Monday, June 26, 2017

Toufic Eid: Big Win in the Big Easy



 Toufic Eid (Class of 2017) completed his BS with a major in Business and concentrations in Management and Marketing. He is currently enrolled in the Master's of Science in Business Management at the College of Staten Island.

Toufic Eid posting with his team's award
One of my most memorable moments in my college years would have to be when I competed in the International American Marketing Association Case Competition, where chapters develop a full marketing plan for the upcoming year for a sponsor. At first, when entering the competition, I was unsure of our potential. However, after watching the team blossom in their strongest areas, I now see the potential and strong attitude we dolphins hold. With the strong encouragement from the loving and caring staff as well as the motivation provided by professor Dan Zhang, my team was able to lose our insecurity and build confidence within the real-business world. I can say that I now truly understand the hard work and energy it takes to become a marketer.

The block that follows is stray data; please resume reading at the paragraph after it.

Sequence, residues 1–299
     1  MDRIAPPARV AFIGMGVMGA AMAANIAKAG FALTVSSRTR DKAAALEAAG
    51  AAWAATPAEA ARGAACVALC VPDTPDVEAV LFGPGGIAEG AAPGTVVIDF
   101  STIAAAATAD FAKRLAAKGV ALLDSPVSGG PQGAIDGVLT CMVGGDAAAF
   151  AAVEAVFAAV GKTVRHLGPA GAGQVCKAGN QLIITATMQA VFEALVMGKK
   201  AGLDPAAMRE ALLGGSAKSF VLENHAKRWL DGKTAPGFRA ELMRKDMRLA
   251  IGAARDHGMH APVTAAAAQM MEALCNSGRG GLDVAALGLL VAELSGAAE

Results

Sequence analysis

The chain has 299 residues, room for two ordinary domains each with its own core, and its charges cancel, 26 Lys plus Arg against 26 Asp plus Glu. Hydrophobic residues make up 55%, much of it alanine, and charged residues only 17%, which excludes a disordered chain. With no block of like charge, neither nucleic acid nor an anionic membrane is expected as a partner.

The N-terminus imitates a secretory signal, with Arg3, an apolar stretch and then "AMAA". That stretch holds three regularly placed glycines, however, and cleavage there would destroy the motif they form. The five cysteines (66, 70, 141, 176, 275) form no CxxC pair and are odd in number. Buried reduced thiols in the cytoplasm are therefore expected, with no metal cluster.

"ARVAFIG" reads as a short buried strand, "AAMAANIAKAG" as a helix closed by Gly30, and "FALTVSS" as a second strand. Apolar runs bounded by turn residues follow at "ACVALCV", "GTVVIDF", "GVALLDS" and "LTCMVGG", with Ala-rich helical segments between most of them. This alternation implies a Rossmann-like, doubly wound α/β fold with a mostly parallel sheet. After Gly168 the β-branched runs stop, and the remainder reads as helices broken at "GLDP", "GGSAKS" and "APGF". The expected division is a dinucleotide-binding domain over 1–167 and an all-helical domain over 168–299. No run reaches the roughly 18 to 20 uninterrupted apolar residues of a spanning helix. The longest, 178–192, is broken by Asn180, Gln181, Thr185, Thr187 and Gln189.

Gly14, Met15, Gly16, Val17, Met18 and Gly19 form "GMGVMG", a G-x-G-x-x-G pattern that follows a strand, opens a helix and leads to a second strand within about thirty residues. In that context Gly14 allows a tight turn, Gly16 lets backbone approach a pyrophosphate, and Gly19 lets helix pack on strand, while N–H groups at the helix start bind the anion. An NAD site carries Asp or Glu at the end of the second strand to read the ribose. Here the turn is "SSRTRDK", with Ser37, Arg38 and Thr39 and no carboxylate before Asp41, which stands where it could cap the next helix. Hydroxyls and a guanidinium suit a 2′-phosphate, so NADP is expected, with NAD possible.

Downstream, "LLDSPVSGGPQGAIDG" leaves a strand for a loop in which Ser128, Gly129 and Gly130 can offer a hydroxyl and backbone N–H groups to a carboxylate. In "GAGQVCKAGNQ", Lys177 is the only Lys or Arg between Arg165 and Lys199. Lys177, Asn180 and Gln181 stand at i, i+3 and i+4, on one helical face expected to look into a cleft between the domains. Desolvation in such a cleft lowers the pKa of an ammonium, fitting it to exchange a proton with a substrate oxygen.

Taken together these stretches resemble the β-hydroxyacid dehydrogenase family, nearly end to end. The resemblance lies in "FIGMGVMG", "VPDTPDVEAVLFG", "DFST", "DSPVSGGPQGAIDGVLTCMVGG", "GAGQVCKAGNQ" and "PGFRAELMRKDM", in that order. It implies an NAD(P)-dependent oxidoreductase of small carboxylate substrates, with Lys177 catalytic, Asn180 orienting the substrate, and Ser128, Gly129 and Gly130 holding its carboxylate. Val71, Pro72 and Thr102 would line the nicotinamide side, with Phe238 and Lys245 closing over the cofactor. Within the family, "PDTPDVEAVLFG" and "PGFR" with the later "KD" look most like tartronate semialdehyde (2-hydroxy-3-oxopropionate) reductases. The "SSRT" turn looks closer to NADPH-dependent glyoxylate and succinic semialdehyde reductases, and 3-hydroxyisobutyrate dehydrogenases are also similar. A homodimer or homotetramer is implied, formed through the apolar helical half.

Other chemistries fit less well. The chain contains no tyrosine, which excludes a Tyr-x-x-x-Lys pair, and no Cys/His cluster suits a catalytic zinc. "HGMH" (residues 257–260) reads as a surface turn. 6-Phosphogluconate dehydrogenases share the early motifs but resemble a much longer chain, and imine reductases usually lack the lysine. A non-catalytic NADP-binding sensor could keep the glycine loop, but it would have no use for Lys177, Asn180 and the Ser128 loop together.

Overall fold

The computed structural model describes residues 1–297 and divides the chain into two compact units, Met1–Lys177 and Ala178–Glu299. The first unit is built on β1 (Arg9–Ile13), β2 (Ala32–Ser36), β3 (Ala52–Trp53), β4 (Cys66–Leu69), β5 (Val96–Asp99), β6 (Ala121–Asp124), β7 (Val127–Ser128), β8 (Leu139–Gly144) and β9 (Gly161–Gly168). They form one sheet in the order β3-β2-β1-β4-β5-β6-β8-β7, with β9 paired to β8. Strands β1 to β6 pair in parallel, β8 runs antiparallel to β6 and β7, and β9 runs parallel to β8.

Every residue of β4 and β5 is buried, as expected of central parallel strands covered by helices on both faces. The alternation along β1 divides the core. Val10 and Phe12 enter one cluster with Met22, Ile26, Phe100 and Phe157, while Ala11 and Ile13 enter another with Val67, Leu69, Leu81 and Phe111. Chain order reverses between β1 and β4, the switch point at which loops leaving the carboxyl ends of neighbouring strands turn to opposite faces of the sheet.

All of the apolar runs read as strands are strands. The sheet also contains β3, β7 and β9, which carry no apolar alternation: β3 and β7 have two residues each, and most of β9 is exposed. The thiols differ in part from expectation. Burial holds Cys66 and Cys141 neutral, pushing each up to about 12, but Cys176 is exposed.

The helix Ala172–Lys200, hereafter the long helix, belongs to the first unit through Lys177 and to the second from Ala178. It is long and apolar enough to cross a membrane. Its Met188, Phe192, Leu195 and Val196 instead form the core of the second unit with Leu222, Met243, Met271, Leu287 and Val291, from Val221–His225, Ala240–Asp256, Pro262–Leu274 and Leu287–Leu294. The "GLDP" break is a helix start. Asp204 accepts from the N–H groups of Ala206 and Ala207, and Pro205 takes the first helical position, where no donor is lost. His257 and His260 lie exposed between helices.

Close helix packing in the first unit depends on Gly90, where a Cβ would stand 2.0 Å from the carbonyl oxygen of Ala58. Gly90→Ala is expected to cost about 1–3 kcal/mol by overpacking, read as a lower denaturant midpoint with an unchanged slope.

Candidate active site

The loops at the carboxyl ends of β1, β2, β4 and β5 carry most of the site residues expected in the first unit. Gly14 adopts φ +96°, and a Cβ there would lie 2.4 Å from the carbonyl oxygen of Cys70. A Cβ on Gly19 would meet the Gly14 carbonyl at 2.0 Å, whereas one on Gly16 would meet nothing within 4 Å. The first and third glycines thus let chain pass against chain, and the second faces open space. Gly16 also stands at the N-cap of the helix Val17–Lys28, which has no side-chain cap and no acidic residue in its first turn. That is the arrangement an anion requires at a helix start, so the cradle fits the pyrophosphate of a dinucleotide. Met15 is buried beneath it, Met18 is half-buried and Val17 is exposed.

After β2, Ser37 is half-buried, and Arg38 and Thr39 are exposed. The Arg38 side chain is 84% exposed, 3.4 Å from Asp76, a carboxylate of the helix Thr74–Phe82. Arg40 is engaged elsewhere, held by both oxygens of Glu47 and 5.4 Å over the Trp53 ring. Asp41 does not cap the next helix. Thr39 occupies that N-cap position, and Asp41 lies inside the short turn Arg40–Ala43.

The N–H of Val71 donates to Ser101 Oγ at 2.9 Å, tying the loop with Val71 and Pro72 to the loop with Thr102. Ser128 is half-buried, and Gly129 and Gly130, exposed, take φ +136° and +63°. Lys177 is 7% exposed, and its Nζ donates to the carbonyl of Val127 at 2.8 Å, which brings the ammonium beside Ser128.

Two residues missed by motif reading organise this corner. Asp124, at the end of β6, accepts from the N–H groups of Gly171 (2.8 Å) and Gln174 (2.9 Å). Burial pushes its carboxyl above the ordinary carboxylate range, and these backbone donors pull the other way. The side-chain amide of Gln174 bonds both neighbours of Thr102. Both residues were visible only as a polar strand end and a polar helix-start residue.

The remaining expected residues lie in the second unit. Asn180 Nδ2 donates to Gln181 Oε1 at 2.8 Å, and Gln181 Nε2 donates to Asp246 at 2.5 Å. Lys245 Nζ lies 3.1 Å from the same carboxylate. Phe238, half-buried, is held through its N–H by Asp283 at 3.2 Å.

From the extensive rehearsal hours to the sleepless nights, my team placed 3rd in the competition out of 250 competing universities. I know for a fact that just because we looked like the smallest team there, we still walked in with our fins held high as we stood in front of the eBay executives. I guess it is true to say that people really do "fear the fin!" This experience has strengthened my passion for business. I took it all in: traveling to New Orleans, networking with other students from other universities, observing different cultures, and of course the amazing food. How could anyone not love beignets, gumbo, and grits? This travel experience was life-changing; I learned a lot, from the fine points of business dress, how to socialize in a professional setting, and developing my public speaking abilities. This was one of the most memorable moments of my college life.